Microsoft reportedly working on x64 app emulation for ARM PCs

Microsoft Surface Pro X
Microsoft Surface Pro X (Image credit: Daniel Rubino/Windows Central)

What you need to know

  • Microsoft is reportedly working on 64-bit (x64) app emulation for Windows 10 on ARM PCs.
  • The feature may be aimed for a debut in the first half of 2021.
  • Microsoft previously indicated that 64-bit app emulation was not in the cards for ARM PCs.

Microsoft may be working to break down one of the biggest barriers to using Windows 10 on ARM PCs: the inability to run 64-bit (x64) apps. According to a report from Neowin, Microsoft is working on bringing 64-bit app emulation to Windows 10 on ARM, potentially with a debut in a feature update in the first half of 2021.

Currently, Windows 10 on ARM can emulate 32-bit (x86) apps, though that comes with a slight performance hit. There is no current option for emulating 64-bit apps in the same way, prohibiting their use on Windows 10 on ARM PCs. If Microsoft were to add emulation for 64-bit apps, it's likely there would be larger performance impacts than we've seen with 32-bit apps thus far.

Still, this would be a major deal for Microsoft's ARM efforts. Qualcomm is also continuing to push forward with its dedicated ARM chips for PCs, with the latest Snapdragon 8cx making serious strides in improving performance. It's possible that by the time 64-bit app emulation is available, the performance impacts of emulating such apps won't be as noticeable as they would with the current slate of chips.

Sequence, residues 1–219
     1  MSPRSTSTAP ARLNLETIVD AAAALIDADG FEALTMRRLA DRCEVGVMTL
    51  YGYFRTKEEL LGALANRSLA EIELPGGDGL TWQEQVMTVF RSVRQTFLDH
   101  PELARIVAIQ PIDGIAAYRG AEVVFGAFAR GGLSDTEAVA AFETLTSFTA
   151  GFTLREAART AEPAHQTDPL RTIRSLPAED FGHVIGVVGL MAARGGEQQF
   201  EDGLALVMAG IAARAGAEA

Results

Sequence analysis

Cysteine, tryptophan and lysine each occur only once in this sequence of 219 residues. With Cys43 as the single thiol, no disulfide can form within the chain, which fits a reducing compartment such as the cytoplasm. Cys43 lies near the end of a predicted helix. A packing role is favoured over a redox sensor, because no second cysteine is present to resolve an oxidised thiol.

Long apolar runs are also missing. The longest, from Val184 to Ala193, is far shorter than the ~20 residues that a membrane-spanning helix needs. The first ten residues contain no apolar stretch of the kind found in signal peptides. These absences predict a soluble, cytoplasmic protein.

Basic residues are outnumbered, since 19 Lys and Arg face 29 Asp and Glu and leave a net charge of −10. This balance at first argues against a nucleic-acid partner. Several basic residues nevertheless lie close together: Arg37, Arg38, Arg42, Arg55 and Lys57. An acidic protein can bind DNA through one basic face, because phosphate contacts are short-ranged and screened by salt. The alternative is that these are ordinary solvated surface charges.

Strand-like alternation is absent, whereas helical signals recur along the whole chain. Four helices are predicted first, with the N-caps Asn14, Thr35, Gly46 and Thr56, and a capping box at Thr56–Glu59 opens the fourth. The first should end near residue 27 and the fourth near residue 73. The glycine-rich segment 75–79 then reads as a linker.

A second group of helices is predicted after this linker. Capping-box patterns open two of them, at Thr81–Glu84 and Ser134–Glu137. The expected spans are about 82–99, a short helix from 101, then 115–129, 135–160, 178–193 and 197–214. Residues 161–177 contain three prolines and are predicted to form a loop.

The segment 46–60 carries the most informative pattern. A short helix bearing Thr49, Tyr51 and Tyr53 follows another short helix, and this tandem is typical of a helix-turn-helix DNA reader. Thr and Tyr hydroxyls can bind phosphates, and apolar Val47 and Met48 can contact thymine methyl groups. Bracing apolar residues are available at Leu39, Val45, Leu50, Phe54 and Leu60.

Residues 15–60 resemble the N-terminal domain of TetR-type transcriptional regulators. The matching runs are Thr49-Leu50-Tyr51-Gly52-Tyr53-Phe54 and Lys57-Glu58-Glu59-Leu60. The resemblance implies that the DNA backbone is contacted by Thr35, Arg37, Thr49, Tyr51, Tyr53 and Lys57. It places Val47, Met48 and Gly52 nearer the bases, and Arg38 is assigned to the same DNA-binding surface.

Windows 10 on ARM had a slow start, with only a few devices hitting the market after its announcement. It still hasn't taken off in a way that could seriously challenge Intel's domination of the PC platform, but Microsoft showed its support for the platform by launching the Surface Pro X this year. The Surface Pro X runs Windows 10 on ARM, powered by the Microsoft SQ1 chip, a customized version of the Snapdragon 8cx.

As Neowin notes, however, there may be some issues beyond performance to think about with 64-bit app emulation. Namely, it's unclear what the default app version will be for ARM devices when you try to install one. Will vendors prefer 32-bit or 64-bit when deciding what to offer any given PC?

If 64-bit app emulation is in the works for ARM PCs, there will be some concerns Microsoft will have to address, but it could ultimately make using one of these PCs less of a hassle for consumers.

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Dan Thorp-Lancaster

Dan Thorp-Lancaster is the former Editor-in-Chief of Windows Central. He began working with Windows Central, Android Central, and iMore as a news writer in 2014 and is obsessed with tech of all sorts. You can follow Dan on Twitter @DthorpL and Instagram @heyitsdtl